These may be deemed unimportant errors, but they are symptomatic of an unfortunate attitude. It's a pity, because the book is worth reading. It is serving to crystallize some of my ideas, and I'll have more to say about it later.
I do know that for Nietzsche, ethics (or good) was grounded in whatever was "life-affirming" and he specifically stated that the idea "life is worthless" is decadent. His work contains arguments against nihilism and pessimism, so it's impossible to say he denied values or thought life is valueless or pointless. I read Nietzsche as life-embracing and his searing critiques of various philosophies and values repeatedly trace back to his contempt for anything life-defeating.ReplyDelete
I was just thinking about Fritz the other day, and how every discussion seems to work in the observation "but of course he went mad." Bleh.
I simply love this blog. The most amazing topics come up, things I haven't thought about in years. Thanks! As for FN, the worrisome bit for me in Vedral's paragraph is the implication that Nietzsche somehow designed his Ubermensch as an anodyne for the Abyss. FN was an anti-system-builder. Where, say, Spinoza started with first principles and reasoned to conclusions that were consistent with the overarching system, FN was chaotic and aphoristic. There are large, coherent ideas woven throughout his work, but they have more to do with (lowercase) revelation than intellectual engineering. To some extent the Ubermensch is an outgrowth of the Genealogy of Morals and Beyond Good and Evil--what remains when ressentiment morality is subtracted. My guess is Vedral was going on someone else's summaries.ReplyDelete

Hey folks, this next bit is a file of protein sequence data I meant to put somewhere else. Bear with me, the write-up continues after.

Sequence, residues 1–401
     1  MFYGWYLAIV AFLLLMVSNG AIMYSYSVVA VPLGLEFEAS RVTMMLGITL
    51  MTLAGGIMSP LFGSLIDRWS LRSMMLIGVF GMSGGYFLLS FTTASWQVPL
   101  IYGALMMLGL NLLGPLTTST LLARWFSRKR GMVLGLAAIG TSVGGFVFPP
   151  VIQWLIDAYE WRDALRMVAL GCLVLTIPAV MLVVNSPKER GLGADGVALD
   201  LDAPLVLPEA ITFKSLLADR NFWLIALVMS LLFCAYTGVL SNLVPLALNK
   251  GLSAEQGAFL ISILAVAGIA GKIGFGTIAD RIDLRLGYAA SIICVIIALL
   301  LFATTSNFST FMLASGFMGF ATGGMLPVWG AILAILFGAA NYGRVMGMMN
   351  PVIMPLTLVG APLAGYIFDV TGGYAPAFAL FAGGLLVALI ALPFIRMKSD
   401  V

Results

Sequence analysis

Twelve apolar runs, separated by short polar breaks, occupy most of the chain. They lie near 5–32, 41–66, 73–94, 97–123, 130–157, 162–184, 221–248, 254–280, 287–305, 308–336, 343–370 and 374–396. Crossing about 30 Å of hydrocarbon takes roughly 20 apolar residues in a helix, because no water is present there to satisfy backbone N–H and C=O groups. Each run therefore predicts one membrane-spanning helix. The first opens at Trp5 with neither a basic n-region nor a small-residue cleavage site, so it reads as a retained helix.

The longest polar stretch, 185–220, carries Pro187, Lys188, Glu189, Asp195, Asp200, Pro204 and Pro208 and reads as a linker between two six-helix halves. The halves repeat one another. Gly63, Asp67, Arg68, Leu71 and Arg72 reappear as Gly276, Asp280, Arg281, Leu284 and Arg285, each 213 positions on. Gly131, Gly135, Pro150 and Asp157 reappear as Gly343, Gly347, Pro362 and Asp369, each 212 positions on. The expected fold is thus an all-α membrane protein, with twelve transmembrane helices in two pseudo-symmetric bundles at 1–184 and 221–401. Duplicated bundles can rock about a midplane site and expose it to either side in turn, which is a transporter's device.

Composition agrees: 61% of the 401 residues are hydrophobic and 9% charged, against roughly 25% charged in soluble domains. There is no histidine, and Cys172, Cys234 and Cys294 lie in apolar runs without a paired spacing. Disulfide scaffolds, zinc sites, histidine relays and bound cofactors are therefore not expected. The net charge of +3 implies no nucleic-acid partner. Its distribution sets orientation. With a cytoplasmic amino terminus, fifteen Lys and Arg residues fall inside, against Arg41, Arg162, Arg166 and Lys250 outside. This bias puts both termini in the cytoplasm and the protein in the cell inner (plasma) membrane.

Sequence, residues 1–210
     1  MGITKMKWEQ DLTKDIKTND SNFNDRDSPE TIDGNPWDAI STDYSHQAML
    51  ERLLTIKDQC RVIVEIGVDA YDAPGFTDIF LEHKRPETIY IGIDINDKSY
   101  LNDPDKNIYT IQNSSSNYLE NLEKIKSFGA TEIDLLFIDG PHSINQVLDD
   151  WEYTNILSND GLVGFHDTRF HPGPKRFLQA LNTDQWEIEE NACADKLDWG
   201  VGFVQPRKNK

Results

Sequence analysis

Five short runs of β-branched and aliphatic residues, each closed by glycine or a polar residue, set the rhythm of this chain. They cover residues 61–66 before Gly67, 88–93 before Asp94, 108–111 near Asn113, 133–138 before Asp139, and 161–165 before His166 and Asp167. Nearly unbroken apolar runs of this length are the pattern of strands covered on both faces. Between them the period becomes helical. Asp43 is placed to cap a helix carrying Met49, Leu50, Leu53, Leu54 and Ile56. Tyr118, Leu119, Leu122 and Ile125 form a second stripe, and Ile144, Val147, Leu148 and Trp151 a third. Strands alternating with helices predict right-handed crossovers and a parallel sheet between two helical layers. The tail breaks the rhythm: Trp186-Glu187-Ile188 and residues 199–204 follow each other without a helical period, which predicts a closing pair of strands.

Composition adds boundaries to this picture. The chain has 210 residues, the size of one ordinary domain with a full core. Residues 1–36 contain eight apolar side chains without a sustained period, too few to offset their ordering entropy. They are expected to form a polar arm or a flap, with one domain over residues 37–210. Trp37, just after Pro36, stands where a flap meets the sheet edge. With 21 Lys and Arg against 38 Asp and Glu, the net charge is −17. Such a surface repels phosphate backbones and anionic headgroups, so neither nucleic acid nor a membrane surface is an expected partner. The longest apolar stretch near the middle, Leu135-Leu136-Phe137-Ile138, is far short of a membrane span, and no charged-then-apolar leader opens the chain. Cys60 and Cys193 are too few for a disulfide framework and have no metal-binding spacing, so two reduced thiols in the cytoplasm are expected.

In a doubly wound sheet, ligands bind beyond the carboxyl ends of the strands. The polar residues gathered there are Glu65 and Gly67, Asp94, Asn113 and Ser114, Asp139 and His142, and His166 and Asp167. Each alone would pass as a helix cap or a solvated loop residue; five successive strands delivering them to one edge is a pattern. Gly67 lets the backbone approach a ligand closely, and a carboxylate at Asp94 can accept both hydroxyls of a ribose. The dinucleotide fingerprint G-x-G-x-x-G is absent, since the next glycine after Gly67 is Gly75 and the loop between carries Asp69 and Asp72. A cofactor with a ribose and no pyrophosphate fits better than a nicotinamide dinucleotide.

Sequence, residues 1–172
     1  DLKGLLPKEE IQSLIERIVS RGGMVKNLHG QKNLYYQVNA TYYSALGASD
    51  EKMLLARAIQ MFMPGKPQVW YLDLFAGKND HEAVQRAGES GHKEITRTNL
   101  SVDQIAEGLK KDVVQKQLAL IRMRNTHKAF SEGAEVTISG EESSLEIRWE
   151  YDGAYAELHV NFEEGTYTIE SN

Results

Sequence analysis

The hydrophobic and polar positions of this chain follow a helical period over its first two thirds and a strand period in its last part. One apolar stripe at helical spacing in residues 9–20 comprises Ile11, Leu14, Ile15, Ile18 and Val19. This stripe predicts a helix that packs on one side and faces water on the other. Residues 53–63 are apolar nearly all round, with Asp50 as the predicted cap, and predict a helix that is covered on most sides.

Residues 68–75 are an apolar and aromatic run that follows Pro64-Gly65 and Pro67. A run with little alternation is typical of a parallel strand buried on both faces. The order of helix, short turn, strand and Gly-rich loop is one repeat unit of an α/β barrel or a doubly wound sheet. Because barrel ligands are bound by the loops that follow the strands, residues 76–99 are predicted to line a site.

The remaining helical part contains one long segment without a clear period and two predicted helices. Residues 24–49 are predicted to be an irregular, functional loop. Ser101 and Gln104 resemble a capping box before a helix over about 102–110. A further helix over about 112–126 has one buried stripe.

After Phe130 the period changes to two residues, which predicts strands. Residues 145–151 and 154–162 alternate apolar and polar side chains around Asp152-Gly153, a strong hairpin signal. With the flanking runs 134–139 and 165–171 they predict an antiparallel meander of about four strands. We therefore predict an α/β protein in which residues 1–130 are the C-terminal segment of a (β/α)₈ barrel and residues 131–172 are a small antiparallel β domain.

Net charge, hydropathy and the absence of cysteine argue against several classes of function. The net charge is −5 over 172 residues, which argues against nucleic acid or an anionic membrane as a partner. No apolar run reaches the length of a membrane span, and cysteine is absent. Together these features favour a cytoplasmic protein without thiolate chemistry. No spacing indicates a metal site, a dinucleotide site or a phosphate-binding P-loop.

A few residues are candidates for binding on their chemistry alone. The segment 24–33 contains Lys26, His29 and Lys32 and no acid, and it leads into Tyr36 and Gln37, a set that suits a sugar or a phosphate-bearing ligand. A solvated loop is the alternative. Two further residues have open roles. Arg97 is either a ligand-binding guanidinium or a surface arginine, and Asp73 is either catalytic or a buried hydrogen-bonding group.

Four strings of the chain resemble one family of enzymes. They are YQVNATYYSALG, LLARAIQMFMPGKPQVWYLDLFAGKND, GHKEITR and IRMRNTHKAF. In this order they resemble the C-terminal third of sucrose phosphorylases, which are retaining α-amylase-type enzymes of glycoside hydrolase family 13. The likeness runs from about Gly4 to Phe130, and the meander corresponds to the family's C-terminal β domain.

I agree that Nietzsche was not motivated by a desire the counter the meaninglessness of a world reduced to physics. I doubt that physics bothered him at all. Clearly, what bothered him most was Christian morality and all other kinds of herd morality (as he viewed them).ReplyDelete
I find his positive remedies for this supposed disease far worse than the disease itself. Still, he's fascinating to read, in small doses.
GC, yes, that reference to his madness is a cop-out, but I still think it's important to take account of traces of it (e.g. megalomania) in his later work.ReplyDelete
CONSVLTVS thank you, but I'll soon be boring you I promise! I like your notion of coherence being woven throughout his work, and the way you see the Ubermensch as what remains when ressentiment is subtracted. Rings true.